Plain wood rolling pins are among the least expensive types of pins you can buy, and they can be found pretty much anywhere. On the other hand, artisanal wood rolling pins made of specialty wood can be found selling for over $100 due to the rarity of the wood. Regardless of your budget or personal preference, wood pins are great generalist pins and can be used for any baking application in the kitchen.
These pins can last an incredibly long time but require some degree of maintenance which can be a turn off to some. You’ll want to read the care and use instructions that came with your pin to keep it looking new and bacteria free. We do find that sometimes our wood pin is too light for certain baking applications such as making dough for croissants. So, one recommendation is to have a 2nd pin in a different material to alternate depending on the baked good you’re making.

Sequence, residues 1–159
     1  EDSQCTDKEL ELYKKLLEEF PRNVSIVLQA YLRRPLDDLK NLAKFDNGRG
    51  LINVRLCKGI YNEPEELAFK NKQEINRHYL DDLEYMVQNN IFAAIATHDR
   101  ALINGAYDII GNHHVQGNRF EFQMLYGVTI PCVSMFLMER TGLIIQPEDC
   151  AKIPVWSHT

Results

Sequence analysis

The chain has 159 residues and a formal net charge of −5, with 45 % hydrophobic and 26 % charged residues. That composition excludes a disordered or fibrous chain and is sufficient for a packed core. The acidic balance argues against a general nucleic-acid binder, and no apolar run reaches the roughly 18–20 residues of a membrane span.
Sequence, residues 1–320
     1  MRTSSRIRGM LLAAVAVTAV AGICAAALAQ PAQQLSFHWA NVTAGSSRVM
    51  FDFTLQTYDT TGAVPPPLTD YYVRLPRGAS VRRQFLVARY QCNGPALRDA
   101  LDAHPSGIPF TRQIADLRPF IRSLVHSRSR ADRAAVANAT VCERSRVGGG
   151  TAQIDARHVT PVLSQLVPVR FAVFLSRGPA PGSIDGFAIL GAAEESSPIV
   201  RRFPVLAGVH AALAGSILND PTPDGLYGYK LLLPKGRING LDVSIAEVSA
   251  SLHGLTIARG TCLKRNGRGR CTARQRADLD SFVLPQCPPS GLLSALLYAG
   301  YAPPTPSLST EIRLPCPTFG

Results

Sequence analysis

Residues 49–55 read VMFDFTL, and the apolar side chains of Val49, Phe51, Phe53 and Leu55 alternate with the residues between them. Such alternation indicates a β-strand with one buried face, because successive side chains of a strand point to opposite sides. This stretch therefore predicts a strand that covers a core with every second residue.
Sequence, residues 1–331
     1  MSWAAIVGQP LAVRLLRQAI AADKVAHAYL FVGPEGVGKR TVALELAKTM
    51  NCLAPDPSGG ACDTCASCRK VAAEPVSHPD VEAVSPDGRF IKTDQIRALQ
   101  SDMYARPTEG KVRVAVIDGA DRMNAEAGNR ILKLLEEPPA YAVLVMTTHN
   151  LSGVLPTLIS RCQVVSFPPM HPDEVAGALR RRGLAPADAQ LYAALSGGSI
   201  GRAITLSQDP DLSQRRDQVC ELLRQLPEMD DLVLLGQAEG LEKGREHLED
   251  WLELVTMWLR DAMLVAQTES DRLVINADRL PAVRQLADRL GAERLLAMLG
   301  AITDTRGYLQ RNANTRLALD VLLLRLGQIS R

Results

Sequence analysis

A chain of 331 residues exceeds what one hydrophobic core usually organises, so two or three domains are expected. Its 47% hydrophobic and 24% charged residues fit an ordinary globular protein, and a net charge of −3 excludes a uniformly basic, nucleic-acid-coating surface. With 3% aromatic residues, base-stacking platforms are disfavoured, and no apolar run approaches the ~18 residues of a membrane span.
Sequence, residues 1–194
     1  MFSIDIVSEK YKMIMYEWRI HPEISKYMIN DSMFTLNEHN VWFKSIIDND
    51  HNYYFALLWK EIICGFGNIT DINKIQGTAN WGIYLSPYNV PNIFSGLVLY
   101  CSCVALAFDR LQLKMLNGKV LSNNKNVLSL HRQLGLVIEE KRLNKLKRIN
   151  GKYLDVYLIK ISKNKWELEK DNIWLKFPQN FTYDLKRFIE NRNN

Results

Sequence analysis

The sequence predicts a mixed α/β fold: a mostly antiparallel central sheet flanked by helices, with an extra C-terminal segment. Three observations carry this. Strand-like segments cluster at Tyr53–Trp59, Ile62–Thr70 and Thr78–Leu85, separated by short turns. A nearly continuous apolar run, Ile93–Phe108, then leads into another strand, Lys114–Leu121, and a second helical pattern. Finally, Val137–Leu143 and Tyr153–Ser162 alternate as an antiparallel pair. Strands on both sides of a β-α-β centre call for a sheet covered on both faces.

Metal rolling pins are the cream of the crop for bakers who work extensively with butter-filled dough. Puff pastry, shortbread, and pie crusts will all have a beautiful flaky texture once you have used a metal rolling pin.
Their conductivity can also be a drawback, however. While these pins stay cold for a long time, if you can’t handle the temperature, you might find your rolling pin unusable. They can also be prone to rusting without proper humidity management.
A more recent but popular choice, marble rolling pins are chic, stylish, and practical. Marble pins check several boxes for the home baker that is looking for both form and function. They’re aesthetically pleasing, heavier in weight than wood and knead very well. Not only do they hold onto cool temperatures for longer, but they come in a wide range of colors. You can even purchase one with a matching cradle and proudly display it amongst your kitchen décor.